}

Setting the Theme

We also need a method to change the current emoji theme of the simulation:

public void SetTheme(ChangeEventArgs e)
{
    Theme = (Theme)Enum.Parse(typeof(Theme), e.Value.ToString());
}

The ChangeEventArgs class is defined by .NET Core.

Starting and Stopping the Simulation

The last part of the C# implementation is to start and stop the simulation. The stop method is simple:

public void Stop()
{
    RunSimulation = false;
}

The start method is slightly more complex: here it is, annotated:

public async Task Run()
{
    RunSimulation = true;
    while (RunSimulation)
    {
        CalculateNextGeneration();
        StateHasChanged(); //Tell Blazor to re-render the component
        await Task.Delay(1000); //Calculate the next generation after 1 second
    }
}

That's all of the pieces, but like any good puzzle, we still have to put them together.

The Razor Markup

Now we can start writing the Razor markup for our component.

<div class="container">
    <div class="row">
        <div class="col-4">
            <label>Theme: </label>
            <select @onchange="@SetTheme">
                <option value="@Theme.Faces">   
                    @Theme.Faces.GetDisplayDescription()
                </option>
                <option value="@Theme.Cats">
                    @Theme.Cats.GetDisplayDescription()
                </option>
                <option value="@Theme.Aliens">
                    @Theme.Aliens.GetDisplayDescription()
                </option>
                <option value="@Theme.Boxes">
                    @Theme.Boxes.GetDisplayDescription()
                </option>
            </select>
        </div>
        <div class="col-2">
            @if (RunSimulation)
            {
                <!-- If the simulation is running, disable this button -->
                <button class="btn btn-primary" disabled>Randomize</button>
            }
            else
            {
                <!-- Otherwise, let the user randomize the cell states -->
                <button class="btn btn-primary" 
                        @onclick="(() => Randomize())">Randomize</button>
            }
        </div>
        <div class="col-2">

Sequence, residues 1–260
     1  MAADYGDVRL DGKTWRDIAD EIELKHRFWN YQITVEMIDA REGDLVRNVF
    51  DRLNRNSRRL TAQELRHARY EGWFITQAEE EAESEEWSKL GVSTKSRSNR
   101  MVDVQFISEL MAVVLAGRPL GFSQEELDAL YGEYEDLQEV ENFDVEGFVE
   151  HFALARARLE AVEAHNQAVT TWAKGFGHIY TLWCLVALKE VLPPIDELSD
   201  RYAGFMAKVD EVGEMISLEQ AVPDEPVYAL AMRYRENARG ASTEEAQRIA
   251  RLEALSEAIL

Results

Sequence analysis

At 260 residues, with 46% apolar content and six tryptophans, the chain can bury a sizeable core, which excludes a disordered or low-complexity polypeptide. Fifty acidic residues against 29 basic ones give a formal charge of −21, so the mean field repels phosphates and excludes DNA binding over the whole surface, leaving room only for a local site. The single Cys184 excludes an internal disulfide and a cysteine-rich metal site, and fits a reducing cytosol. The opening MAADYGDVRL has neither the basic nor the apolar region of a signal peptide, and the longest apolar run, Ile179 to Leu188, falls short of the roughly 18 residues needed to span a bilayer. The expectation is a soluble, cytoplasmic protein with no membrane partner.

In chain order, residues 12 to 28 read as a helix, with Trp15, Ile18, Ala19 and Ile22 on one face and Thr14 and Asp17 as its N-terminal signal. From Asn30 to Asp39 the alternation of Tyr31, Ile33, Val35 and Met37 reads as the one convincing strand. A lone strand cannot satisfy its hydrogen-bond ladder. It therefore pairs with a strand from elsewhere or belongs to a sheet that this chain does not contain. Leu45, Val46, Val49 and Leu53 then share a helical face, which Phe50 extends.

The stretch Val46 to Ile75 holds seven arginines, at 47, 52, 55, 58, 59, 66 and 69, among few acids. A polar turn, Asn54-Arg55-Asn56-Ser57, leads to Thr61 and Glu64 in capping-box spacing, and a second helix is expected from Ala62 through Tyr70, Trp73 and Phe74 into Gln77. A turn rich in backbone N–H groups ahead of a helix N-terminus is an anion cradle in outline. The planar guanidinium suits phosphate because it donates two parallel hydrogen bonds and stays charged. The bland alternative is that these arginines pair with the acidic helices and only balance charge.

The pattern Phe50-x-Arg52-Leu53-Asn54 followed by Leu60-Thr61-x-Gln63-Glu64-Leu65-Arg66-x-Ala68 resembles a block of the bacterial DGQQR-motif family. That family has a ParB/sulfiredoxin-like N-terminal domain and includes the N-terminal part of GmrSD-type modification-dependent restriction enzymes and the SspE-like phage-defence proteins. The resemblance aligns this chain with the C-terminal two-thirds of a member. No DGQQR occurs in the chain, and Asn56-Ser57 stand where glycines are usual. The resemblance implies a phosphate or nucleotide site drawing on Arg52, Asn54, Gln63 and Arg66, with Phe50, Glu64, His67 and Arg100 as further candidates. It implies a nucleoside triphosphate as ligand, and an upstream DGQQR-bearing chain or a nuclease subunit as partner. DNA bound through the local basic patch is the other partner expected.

@if (RunSimulation)
            {
                <button class="btn btn-secondary" 
                        @onclick="(() => Stop())">
                    <i class="fa fa-stop"></i> Stop
                </button>
            }
            else
            {
                <button class="btn btn-primary" 
                        @onclick="(async () => await Run())">
                    <i class="fa fa-play"></i> Run
                </button>
            }
        </div>
    </div>
    @for (int i = 1; i < Rows; i++)
    {
        <div class="row flex-nowrap gameoflife-container">
            @for (int j = 1; j < Columns; j++)
            {
                var x = i;
                var y = j;
                var cell = Grid[x, y];

                if (cell == Status.Alive)
                {
                    <div class="gameoflife-alivecell-@Theme.GetDisplayName()"
                         @onclick="(() => ChangeStatus(x,y))"></div>
                }
                else
                {
                    <div class="gameoflife-cell 
                                gameoflife-deadcell-@Theme.GetDisplayName()"
                         @onclick="(() => ChangeStatus(x,y))"></div>
                }
            }
        </div>
    }
</div>

The CSS classes used here can be viewed on GitHub.

GIF Time!

The below GIF shows the features we just coded in action:

Alt Text

Tada! We made the Game of Life in C# and Blazor!

Summary

Thank you, dear reader, for reading this post. If you have any questions or suggestions, feel free to use the comments below. If you can improve on my implementation, please do! Go ahead and submit a pull request.

Happy Coding!

Posted on by:

exceptionnotfnd profile

Matthew Jones

@exceptionnotfnd

I'm a programmer, a dad, a husband, a geek, a blogger, a speaker... lots of things!